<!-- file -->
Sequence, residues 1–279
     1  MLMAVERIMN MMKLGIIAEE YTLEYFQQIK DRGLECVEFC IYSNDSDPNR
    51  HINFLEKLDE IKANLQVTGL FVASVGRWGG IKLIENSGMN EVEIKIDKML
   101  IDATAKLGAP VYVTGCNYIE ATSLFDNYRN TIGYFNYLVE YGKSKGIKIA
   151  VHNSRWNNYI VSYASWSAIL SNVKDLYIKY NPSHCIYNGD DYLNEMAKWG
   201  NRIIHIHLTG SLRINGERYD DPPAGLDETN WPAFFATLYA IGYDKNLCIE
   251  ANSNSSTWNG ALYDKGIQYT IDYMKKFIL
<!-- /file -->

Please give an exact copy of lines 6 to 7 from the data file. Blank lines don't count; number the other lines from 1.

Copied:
   201  NRIIHIHLTG SLRINGERYD DPPAGLDETN WPAFFATLYA IGYDKNLCIE
   251  ANSNSSTWNG ALYDKGIQYT IDYMKKFIL